“I love the primordial thrill of making fantastic food of glowing embers and flickering flames,” says barbecue chef Jamie Purviance, author of Weber's Greatest Hits. “Great barbecue naturally connects people and creates good vibes.”
It’s a feeling most of us know well – balmy nights, a backyard full of smoky scents and flavours, the delicious sound of the grill sizzling. It’s a classic Australian experience, bringing people together in a warm and festive atmosphere.
A barbecue might feel like a party, but it doesn’t have to be a big indulgence. Themis Chryssidis, Accredited Practising Dietitian and spokesperson for the Dietitians Association of Australia, says there are plenty of ways to make your feast healthier. There’s one big key: vegetables.
“For me barbecues are about variety, but that shouldn’t just be a variety of different types of meat. We need to think outside the square a little more,” Themis says.
“Try to make sure there is that fresh and colourful element. You might have a fresh salad on the side, and char grill some other vegetables too. The principle of barbecues is to still think about portions and variety.”
To put together the perfect barbecue, we asked Themis and Jamie for their best advice.
Burgers and red meat
It’s the barbecue classic – sizzling steaks and burgers. Choosing leaner cuts of meat, and trimming off the excess fat, is an easy way to make your feast healthier. As a bonus, it also reduces the chance of flare ups on the barbecue.
Look for choice or select grades of beef, and choose loin or round cuts of red meat and pork. "Of course, things like porterhouse steak or fillets can come at a higher cost. We can get around that by making sure we only have small portions – so a 100 g serve, not a 300 g rib eye,” Themis says.
If you love burgers, a good option is to buy extra lean ground beef (or chicken, turkey or legumes like chickpeas and lentils) and make your own. It’s easier than you think, and they’re likely to be healthier than many pre-made patties.
Pro barbecuing tips
For deliciously juicy burgers, Jamie advises cooking with the barbecue lid down. “This reflects heat onto the top of each patty, meaning the burgers are cooking on both sides,” he says.
“Also, closing the lid restricts the amount of air getting to the fire and eliminates a lot of potential flare-ups. The lid also keeps the grilling grate hot enough to sear the surface of each patty properly, and speeds up the overall cooking time.”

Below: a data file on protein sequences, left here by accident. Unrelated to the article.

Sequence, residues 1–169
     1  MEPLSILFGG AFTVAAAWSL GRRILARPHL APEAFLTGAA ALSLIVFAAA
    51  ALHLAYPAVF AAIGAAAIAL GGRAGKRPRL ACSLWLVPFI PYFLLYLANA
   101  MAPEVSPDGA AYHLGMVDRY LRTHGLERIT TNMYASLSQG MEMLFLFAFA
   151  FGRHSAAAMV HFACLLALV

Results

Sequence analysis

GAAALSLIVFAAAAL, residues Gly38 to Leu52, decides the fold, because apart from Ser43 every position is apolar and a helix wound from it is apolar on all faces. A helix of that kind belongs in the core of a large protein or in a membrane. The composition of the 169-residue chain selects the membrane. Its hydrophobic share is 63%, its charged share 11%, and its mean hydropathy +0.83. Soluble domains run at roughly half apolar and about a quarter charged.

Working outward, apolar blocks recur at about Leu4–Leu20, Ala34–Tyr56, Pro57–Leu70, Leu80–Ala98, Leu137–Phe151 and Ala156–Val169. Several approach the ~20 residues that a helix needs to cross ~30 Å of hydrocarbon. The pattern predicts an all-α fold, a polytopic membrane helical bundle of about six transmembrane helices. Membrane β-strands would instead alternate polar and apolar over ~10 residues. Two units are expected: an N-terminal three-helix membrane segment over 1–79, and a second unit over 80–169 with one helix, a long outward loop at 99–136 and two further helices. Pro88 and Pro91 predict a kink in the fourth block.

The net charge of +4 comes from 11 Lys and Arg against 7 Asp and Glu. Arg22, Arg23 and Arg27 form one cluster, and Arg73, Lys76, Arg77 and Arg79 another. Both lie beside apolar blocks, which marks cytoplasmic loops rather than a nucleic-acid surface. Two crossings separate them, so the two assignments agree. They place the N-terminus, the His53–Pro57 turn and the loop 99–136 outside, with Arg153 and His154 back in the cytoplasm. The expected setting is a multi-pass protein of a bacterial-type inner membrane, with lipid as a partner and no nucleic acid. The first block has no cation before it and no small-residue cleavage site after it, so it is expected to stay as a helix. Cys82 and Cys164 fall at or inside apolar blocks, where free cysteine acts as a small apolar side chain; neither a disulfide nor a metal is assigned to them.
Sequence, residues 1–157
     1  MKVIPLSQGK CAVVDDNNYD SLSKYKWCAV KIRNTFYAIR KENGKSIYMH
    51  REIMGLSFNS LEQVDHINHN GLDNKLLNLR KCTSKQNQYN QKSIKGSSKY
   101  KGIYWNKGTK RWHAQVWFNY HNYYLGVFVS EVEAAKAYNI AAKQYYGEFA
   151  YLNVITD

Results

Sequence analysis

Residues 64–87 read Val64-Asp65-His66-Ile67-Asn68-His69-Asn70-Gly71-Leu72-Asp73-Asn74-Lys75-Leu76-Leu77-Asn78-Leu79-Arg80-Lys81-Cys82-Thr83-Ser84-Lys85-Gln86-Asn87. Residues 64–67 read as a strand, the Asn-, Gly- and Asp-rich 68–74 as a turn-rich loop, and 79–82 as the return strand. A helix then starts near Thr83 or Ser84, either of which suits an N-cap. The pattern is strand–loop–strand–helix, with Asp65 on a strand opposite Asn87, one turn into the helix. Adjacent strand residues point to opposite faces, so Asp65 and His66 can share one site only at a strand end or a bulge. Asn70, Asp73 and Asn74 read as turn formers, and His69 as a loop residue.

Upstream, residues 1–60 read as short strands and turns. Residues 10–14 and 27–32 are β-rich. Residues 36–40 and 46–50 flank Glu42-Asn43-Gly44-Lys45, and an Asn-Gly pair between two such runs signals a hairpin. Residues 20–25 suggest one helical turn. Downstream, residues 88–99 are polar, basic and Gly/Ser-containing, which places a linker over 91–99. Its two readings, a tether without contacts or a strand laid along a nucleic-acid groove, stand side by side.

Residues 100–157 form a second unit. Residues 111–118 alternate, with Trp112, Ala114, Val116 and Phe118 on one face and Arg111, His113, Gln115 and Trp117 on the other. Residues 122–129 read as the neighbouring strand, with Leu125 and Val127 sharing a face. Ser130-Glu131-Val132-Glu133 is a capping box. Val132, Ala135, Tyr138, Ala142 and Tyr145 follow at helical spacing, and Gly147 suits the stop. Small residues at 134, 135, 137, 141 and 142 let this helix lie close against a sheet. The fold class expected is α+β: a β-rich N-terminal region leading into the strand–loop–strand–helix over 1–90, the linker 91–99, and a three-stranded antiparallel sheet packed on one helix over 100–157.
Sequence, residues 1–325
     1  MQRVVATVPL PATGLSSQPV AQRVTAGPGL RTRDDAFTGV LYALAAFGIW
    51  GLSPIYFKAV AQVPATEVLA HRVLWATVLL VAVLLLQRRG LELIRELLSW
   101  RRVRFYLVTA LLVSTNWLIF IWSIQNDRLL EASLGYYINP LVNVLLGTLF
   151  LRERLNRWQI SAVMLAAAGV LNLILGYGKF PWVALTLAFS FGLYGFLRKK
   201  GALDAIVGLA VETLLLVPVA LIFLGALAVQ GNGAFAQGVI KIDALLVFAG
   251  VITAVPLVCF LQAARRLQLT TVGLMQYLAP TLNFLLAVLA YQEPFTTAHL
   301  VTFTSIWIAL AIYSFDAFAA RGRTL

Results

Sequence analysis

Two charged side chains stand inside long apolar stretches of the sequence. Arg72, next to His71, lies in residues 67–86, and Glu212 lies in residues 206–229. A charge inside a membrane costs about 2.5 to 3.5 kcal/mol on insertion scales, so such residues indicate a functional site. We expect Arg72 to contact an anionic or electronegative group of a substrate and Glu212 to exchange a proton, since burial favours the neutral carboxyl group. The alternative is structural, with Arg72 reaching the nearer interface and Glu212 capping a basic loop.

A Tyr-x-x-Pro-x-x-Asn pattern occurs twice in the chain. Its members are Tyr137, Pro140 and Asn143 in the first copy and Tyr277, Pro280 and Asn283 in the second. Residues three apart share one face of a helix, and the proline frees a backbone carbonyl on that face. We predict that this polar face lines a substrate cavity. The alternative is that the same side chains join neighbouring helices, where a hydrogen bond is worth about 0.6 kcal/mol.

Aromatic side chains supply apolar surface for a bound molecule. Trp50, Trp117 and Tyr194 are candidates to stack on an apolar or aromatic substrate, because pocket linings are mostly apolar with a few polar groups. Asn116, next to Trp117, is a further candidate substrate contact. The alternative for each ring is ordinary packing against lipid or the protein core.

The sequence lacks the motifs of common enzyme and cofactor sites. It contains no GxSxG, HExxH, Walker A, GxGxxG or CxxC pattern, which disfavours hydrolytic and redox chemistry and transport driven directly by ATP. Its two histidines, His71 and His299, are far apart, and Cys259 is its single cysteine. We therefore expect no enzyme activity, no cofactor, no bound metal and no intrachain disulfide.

Chicken and turkey
Go beyond red meat – think succulent chicken with ginger and honey, or turkey seared with Moroccan spices. “Chicken breast and turkey breast are really good options for the barbecue,” Themis says. “Just like with red meat, make sure the focus is on lean cuts of meat and portion control too.”
Choose breast meat over the fattier dark meat (legs and thighs). A good trick is to remove the skin first – the skin soaks up all the juices and fat while it’s cooking.
Pro barbecuing tips
Boneless pieces will be thin enough to grill over direct heat. But pieces with bones take longer to cook, so you’ll need both direct and indirect heat. “Otherwise, the surface will burn to a crisp before the meat at the bones has lost its pink colour,” Jamie says.
“You can start grilling bone-on parts over direct heat to brown the outer surfaces and then finish the parts over indirect heat. Or, you can start the parts slowly over indirect heat and finish them over direct heat for a final crisping of the skin.”
To prevent flare-ups, it’s usually best to begin with indirect heat. This is particularly true for cooking wings. “The wingtip has almost no meat, so just cut it off before grilling,” Jamie adds.
Fish and smoky flavour were made for each other. Grill up a side of salmon, mackerel, trout or herring, flavour it with lemon, dill and pepper, and you’ve got yourself a feast. Fish is a rich source of omega-3 fatty acids, which can help support your heart health, brain function and mental health.
Don’t forget seafood – throw together some barbecued prawns with salsa verde, or treat yourself to fresh calamari with chilli and lime.
Pro barbecuing tips
To avoid fish sticking to the grate, Jamie suggests brushing the fillets evenly with oil before cooking. “But don’t overdo it," he says. "If the fish is dripping with oil, you will probably get flare-ups."
Then it’s all about the heat. “Get your grate hot and clean enough that it will dry the watery surface of the fillets quickly so they can brown. Once they begin to brown on a clean grate, they begin to release. Don’t touch any fillet until it's browned and ready to turn.”
Jamie advises grilling the first side for a little longer than the second. “An extra few minutes – with the lid closed – will help the fillet to release from the grates more easily.”